Oysters, Cheese and Sauces - Part II Sauces

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Oysters, Cheese and Sauces - Part II Sauces

Mornay sauce modified  by meOysters, Cheese and Sauces - who knew these things but chefs, fishmongers and dairy people?

On my to-do list of items I had said I would follow up on from previous stories, the second item was Sauces. Way back in April when we were cooking low carb dishes and I made a Mornay sauce to accompany a shrimp dish, I promised to summarize different sauce names for the non-chefs among us who don't remember the difference between Béarnaise and Hollandaise. I had let that promise slip until I was recently reminded of it by a discussion of Hunter's sauce over lunch at Sage Bistro.

So here is foodie trivia: Part II: The main course Sauces. This represents what I have gleaned from a number of different sources (no pun intended); cookbooks, encyclopedias and posts on the net, and Hopefully it is a fairly accurate summary.

With respect to the sauces commonly used in Western cooking it is simple to think of sauces as primary or mother sauces (as classified by French chef Auguste Escoffier) and secondary sauces, made by adding other ingredients to a primary sauce.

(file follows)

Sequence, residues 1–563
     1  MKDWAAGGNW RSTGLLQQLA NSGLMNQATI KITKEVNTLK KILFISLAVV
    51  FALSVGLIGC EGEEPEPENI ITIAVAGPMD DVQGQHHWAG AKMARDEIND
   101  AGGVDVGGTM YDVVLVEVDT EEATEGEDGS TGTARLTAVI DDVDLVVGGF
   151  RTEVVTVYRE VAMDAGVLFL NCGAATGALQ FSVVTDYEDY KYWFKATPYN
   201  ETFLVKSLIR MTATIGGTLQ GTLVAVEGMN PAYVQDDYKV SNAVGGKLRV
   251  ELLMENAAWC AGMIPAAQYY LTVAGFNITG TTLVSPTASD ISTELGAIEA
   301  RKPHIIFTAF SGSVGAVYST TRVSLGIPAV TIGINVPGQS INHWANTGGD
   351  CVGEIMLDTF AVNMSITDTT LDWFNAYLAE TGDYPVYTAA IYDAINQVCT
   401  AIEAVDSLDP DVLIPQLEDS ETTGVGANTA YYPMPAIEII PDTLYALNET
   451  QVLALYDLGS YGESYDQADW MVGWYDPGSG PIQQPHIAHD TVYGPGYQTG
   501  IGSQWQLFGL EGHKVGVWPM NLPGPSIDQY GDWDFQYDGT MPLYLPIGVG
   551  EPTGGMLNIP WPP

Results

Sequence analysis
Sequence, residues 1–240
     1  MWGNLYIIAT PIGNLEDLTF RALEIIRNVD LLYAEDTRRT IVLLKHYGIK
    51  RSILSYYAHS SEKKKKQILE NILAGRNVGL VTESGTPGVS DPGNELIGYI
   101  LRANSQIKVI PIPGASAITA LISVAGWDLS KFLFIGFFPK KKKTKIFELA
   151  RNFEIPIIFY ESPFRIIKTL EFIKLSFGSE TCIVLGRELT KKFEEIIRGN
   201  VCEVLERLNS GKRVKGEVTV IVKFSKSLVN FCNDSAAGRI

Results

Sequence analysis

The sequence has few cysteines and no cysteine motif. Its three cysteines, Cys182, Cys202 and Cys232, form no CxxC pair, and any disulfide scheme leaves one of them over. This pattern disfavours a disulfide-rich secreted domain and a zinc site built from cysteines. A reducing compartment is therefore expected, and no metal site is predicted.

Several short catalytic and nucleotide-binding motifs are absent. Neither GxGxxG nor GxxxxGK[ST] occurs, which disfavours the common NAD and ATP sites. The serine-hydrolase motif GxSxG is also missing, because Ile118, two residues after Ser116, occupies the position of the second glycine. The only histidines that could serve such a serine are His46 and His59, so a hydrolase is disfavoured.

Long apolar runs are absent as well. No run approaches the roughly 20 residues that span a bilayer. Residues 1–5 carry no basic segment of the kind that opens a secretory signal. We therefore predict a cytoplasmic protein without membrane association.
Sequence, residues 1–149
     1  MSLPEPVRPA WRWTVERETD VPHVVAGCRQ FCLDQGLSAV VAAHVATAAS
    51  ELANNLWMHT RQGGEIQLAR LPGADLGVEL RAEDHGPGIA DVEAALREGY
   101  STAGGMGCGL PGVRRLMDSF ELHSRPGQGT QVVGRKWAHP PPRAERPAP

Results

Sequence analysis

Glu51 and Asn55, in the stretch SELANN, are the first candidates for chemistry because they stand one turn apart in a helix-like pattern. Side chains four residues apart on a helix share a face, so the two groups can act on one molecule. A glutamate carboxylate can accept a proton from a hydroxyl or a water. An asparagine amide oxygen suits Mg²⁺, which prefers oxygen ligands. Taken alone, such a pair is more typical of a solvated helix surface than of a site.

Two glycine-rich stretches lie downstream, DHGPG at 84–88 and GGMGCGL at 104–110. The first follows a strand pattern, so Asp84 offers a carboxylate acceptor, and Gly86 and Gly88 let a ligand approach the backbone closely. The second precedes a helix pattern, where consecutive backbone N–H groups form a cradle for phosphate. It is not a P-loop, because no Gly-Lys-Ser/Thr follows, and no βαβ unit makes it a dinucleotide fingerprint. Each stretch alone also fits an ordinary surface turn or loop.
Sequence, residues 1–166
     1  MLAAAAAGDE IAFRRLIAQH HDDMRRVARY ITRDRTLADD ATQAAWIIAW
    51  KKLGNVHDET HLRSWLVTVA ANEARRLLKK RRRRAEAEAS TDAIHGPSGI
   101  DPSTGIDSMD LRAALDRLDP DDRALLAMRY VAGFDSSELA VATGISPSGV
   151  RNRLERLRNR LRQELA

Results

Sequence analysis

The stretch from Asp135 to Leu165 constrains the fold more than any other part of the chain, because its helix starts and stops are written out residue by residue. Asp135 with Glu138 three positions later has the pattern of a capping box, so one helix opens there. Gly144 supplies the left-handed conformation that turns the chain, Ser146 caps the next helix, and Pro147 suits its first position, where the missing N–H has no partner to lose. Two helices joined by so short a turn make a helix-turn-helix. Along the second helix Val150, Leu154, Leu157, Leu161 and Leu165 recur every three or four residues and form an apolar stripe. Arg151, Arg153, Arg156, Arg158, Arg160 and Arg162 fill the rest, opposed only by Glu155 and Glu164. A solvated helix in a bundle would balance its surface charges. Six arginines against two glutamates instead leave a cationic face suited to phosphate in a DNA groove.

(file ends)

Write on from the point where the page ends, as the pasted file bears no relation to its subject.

Escoffier's five mother sauces are Béchamel, Velouté, Tomate, Espagnole and Hollandaise.
Béchamel is a milk based sauce, thickened with a white roux
Velouté is a white, stock based sauce, thickened with a roux
Tomate is a tomato based sauce
Espagnole is a brown veal stock sauce
Hollandaise is an emulsion of egg yolk, butter and  an acid, lemon or vinegar.

Some familiar examples of secondary sauces include Mornay derived from Béchamel by the addition of cheese. Adding cognac and lobster makes Lobster Thermidor or with additional cream Lobster Newberg, the American variant.

By adding red wine, shallots and poached beef marrow, Espagnole becomes Bordelaise, the sauce named for the Bordeaux region of France. By adding mushrooms and wine, Espagnole becomes Sauce Chausseur or Hunter's sauce as in the steak dish at Sage that prompted me to remember to write this post.

Oh, and using tarragon and shallots instead of the acid lemon or vinegar makes a Béarnaise Sauce instead of a Hollandaise.  And that's where our whole discussion began.